This poll was kept in place for the last two editions of Tree Link. The poll question was framed as follows:

“Which of the following most closely characterizes your experience with or exposure to urban forestry?”

Poll respondents selected one of the following statements as their answer (poll results by percentage in parentheses):

1. I am a professional Arborist or Forester (35%)

2. I work in horticulture, landscape care, or other allied profession (10%)

3. I am a Master Gardener, Tree Board member or Volunteer (15%)

4. I work in the non-profit sector and have a professional interest in urban greening (6%)

5. I work in Academia as a Professor, Researcher, Extension Agent, or Student (8%)

6. I am a professional in a different field with limited knowledge of urban trees and forests (25%)

The intent of this poll was to glean insights on readers’ exposure to urban forestry, and the results offer some interesting insights.

It is first encouraging to know that at least 25% of Tree Link readers count themselves as non-tree professionals, yet read the Tree Link for information about urban forestry in Washington. Here at DNR, we have often quipped that we should not be preaching to the choir, but rather trying to make the choir bigger. To that end, we would love your help. Please forward the Tree Link to others and encourage them to subscribe.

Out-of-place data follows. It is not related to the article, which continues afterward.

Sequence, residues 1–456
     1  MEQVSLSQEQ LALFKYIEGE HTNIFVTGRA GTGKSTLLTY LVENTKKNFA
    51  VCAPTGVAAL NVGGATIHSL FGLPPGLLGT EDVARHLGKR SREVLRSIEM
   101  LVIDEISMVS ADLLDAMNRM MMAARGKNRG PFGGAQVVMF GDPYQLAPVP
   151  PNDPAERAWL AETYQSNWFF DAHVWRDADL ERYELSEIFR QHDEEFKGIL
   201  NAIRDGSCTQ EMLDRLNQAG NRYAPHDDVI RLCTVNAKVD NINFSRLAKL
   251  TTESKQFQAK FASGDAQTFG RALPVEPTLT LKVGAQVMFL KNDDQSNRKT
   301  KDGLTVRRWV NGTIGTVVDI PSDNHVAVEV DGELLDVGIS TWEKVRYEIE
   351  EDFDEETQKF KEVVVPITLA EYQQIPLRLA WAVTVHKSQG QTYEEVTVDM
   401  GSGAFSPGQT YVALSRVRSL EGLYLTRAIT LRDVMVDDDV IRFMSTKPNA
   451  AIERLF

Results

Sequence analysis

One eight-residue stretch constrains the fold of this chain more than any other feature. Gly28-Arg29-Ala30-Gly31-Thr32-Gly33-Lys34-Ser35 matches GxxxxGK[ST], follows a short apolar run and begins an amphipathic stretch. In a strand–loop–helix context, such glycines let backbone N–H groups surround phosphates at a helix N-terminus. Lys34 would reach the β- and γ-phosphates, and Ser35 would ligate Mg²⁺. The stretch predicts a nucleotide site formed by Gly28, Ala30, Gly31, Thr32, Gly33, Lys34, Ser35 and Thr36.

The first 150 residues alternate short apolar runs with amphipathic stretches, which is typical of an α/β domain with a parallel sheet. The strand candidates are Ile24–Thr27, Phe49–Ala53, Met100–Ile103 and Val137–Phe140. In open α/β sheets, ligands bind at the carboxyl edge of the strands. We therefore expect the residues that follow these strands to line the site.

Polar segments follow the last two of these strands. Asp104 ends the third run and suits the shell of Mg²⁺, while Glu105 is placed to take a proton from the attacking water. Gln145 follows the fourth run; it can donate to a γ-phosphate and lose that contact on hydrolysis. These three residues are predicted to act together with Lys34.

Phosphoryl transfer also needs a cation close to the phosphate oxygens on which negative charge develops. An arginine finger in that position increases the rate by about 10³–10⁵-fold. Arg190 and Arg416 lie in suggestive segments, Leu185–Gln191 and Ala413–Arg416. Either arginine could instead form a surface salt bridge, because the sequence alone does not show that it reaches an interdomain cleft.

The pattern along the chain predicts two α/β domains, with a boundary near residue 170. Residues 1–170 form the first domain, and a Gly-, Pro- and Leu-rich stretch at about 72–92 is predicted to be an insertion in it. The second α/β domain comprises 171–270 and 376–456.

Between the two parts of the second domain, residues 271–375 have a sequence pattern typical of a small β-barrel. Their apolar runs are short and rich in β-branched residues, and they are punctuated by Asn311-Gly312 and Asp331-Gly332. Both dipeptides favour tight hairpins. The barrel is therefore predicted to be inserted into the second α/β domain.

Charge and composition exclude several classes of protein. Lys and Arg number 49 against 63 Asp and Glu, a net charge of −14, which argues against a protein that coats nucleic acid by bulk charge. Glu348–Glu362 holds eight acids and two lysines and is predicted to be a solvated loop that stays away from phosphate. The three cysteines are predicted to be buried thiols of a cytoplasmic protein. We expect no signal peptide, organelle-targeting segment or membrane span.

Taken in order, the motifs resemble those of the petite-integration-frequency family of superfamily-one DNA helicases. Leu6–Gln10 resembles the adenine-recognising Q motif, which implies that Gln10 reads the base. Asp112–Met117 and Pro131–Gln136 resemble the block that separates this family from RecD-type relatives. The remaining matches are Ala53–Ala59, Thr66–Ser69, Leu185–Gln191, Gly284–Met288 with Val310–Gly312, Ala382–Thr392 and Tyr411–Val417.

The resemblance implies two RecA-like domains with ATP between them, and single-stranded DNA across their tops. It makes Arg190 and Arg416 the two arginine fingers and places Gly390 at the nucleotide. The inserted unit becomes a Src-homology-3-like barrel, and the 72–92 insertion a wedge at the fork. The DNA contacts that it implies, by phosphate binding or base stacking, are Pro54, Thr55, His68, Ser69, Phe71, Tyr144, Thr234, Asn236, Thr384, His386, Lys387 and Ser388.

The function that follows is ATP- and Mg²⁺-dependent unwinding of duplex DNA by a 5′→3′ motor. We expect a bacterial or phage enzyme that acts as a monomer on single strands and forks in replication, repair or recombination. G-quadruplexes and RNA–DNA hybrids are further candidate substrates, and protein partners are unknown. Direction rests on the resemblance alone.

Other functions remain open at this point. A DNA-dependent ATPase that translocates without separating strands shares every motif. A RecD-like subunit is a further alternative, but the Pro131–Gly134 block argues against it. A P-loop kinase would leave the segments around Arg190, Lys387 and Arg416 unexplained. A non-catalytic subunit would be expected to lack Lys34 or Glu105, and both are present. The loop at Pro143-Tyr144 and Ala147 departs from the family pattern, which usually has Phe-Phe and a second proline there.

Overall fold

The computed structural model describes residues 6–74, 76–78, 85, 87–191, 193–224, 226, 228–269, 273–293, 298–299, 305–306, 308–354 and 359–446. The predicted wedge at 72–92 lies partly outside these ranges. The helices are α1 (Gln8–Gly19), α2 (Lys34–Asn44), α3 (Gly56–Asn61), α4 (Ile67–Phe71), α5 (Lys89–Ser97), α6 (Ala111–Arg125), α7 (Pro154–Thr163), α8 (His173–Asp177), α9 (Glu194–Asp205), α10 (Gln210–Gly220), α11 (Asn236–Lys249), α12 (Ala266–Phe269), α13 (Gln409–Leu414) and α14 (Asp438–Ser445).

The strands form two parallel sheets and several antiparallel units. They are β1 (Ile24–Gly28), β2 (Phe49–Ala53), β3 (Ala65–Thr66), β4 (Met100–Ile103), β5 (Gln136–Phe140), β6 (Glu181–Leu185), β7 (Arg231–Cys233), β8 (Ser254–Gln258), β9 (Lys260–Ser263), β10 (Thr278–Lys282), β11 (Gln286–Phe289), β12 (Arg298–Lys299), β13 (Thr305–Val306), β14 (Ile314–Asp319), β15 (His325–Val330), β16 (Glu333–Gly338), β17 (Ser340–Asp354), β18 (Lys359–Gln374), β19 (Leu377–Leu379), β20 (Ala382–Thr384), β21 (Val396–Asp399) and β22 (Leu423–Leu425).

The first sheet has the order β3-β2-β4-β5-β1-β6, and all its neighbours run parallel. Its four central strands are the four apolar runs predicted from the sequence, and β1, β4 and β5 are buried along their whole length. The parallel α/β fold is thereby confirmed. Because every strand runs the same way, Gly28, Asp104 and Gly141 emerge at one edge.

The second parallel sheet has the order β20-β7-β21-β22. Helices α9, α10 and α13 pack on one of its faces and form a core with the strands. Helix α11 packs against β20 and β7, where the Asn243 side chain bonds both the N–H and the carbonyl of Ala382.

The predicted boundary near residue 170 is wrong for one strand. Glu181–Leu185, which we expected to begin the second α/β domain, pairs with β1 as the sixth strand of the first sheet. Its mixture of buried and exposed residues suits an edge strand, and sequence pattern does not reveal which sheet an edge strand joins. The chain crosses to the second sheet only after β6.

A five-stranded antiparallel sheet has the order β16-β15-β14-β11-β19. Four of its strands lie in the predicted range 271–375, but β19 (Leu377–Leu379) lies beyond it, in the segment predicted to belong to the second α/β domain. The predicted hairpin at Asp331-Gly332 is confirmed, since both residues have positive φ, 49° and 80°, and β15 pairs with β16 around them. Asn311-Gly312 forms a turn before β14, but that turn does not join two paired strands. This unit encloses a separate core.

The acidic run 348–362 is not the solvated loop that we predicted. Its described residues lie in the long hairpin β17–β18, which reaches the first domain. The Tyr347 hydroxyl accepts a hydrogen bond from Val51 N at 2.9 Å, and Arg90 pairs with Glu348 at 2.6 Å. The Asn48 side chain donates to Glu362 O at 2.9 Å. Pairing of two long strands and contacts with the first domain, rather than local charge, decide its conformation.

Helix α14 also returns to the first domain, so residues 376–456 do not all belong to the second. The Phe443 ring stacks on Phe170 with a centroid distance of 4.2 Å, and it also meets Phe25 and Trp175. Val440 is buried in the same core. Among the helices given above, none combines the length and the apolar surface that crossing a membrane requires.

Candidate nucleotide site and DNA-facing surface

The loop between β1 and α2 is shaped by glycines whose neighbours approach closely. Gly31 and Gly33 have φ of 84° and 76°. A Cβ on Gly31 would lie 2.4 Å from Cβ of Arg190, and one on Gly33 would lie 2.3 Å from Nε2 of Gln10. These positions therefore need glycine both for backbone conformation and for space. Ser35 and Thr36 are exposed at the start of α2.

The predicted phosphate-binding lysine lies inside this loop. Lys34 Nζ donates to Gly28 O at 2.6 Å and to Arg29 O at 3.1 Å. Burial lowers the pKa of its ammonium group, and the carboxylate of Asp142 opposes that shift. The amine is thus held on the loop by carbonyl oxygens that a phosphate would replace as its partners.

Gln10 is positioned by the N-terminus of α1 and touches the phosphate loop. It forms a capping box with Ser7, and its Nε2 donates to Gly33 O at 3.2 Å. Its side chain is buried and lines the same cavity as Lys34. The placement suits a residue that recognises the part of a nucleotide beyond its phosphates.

Second (taking liberties with interpretation given that respondents’ specific levels of familiarity with urban forestry cannot be known), it would seem that approximately 50% of our audience is relatively savvy with technical aspects of urban forestry, whereas the other 50% may be less so, give or take 10% either way to account for this assumption. In either case, this suggests that Tree Link needs to balance technical info for the pro’s with a more colloquial tone for the volunteers and non tree experts. Is Tree Link achieving that? Can we do better? Please let us know.

And for those of you who are professional horticulturalists and foresters, those of you in academia, or anyone else with an eye for technical or scientific detail, the Tree Link relies on your feedback to keep us honest. If we ever misrepresent an issue, omit information, or make a mistake, please call it to our attention for the sake of our readership and our reputation as a trusted source of information.

Thanks to all of you for investing your time to read the Tree Link.

Do you have a suggestion for Tree Link? If so, please send an email to urban_forestry@dnr.wa.gov